Six nuns have been released from captivity in Nigeria after being abducted last November.
The religious women – three sisters and three aspirants undergoing training before taking their vows in the order of the Eucharistic Heart of Jesus (EHJ) – were taken by men who escaped on a speedboat.
Their convent was asked for a $55,000 ransom. However, its mother superior said no money changed hands.
According to the Scottish Catholic Observer, Sr Agatha Osarekho said: 'The most important thing is that our Sisters are out. We are happy; to God be the glory!'
The women were freed on January 6 after a police operation, but their kidnappers escaped. They are said to be well and the three aspirants will be reunited with their families.
'We thank all the men and women of goodwill who worked and prayed tirelessly behind the scenes for the release of our Sisters,' Fr Kevin Oselumhense Anetor, of Uromi Diocese, said on Facebook. 'We thank the mother superior of the EHJ for her patience and strong will, and her Sisters for their solidarity during these days of trial.'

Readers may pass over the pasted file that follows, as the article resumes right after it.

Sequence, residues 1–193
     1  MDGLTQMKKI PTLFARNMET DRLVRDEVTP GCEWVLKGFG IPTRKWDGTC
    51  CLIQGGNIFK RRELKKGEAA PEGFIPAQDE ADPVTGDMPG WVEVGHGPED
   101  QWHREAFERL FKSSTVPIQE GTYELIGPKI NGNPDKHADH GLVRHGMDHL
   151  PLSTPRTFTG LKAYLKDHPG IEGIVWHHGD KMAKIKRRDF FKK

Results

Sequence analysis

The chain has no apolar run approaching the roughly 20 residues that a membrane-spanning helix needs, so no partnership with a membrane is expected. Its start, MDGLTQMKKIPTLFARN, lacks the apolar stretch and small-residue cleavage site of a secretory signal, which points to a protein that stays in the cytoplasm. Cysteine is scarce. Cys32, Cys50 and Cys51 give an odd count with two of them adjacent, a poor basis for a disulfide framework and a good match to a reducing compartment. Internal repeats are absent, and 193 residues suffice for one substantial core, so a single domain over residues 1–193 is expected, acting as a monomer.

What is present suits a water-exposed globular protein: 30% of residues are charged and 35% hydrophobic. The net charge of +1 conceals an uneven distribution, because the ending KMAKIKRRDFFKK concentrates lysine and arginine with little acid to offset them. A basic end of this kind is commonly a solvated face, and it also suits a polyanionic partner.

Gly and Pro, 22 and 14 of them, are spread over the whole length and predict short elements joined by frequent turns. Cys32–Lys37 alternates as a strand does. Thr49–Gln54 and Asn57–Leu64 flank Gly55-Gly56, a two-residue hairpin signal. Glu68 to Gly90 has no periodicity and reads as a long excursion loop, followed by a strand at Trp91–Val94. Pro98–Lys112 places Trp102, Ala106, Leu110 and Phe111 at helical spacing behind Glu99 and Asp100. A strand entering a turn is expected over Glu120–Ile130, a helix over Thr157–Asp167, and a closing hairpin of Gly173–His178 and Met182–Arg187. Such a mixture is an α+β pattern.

The abduction of clergy in parts of Nigeria has been on the increase as they are regarded as a useful source of income for criminals, though churches resist paying ransoms.
The case of the abducted nuns received global attention and led to accusations the Nigerian government was not doing enough to recapture them.
The Nigerian Bishops' Conference wrote in December last year that 'agents of darkness continue to hold our people to ransom through kidnapping, armed robbery and other dehumanising activities'.
Pope Francis publicly prayed for them, saying, 'From the heart, I unite myself to the appeal of the bishops of Nigeria' for their liberation.